I still believe that you need business acumen and situational knowledge to create and win opportunities. I believe that you need to know things, to be your dream client’s peer, to think like a business person. (This is chapter 15 in The Only Sales Guide You’ll Ever Need)
It’s true that one of the reasons that buyers are struggling to make a good buying decision is that it’s tough for them to manage their internal processes and build the necessary consensus. The more people that enter the process, the more difficult it becomes until it is easier to do nothing. (This is chapter 16 in The Only Sales Guide You’ll Ever Need).
Because your client doesn’t have a good process, it’s critical that you control the process, helping them to make the necessary commitments to make real change inside their companies, something they can’t easily do with you. If they could do it without you, they would have done so already. (This is chapter 2 in The Lost Art of Closing).
All these things are true, and they make the difference in sales. As much as they should be the primary differentiators in sales, I am afraid that they are not. There is something more fundamental that is being overlooked, without which you cannot succeed in sales, and that something is prospecting.
The Facebook post from an expert says, “Anyone who still prospects is wasting their own time . . . there is a thing called the Internet, where digital marketers go to get you free leads . . .” But see, the thing is, we aren’t trying to create leads; we are trying to create opportunities. Leads are what marketing generates. Jeb Blount sent me a screen capture (The same Jeb that wrote and recorded the audio book, Fanatical Prospecting).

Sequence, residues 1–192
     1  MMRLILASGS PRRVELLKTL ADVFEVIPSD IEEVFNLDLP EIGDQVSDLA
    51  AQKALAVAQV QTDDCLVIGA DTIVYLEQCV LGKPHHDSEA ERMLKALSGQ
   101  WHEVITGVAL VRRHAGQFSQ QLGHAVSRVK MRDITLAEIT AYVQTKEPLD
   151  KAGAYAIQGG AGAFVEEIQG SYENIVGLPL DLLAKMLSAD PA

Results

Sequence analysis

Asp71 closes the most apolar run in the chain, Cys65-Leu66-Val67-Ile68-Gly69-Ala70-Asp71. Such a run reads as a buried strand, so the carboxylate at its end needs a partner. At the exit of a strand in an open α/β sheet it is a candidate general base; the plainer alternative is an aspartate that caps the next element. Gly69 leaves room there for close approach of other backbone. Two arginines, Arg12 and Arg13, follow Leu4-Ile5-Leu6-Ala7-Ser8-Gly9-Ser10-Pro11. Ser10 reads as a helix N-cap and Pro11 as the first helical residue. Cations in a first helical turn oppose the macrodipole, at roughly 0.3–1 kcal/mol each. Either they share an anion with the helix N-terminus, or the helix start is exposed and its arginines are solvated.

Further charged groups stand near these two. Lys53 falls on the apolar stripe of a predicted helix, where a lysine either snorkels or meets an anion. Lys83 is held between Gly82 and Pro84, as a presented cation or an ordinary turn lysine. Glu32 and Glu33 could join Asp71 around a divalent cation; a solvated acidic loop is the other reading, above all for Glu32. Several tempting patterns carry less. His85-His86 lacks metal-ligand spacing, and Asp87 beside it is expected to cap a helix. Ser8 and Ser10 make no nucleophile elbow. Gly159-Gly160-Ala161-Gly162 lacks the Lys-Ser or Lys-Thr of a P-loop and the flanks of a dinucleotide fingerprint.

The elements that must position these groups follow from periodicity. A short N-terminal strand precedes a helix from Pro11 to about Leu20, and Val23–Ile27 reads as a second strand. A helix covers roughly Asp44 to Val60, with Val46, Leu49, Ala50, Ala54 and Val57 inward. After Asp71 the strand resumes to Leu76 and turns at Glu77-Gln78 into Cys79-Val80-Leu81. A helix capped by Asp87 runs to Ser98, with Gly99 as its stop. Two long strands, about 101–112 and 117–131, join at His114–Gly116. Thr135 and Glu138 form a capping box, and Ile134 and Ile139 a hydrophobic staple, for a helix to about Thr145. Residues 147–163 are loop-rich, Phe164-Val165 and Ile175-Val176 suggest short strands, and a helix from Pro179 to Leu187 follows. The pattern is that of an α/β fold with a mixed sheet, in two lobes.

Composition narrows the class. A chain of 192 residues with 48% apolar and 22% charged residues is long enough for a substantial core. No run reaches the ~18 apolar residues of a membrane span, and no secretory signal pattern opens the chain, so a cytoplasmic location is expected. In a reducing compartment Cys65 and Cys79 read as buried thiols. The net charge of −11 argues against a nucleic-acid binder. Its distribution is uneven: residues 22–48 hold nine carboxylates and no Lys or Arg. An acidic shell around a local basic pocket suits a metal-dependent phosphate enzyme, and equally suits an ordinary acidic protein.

Tony Hughes’ post on Linked about the best time to cold call has 67 comments as of the time of this writing. Some of the stand out comments include, “Why would you cold call at all these days,” and “Why would you want to cold call in the first place,” and “Best time to cold call was 1999.” The final comment says. “The real best time to cold call is between Never and Don’t, this comment submitted by a safety manager.
For all of the higher level skills necessary to succeed in sales, the willingness to prospect, and particularly the willingness to call strangers, may just be the most important of all the necessary skills and abilities. You are not going to be considered if no one knows you, and eliminating one of the real variables of a competitive advantage will cause you to miss every shot that you don’t take.
In the world of the blind, the one-eyed man is King, and the one-eyed woman, Queen.
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Filed under: Cold Calling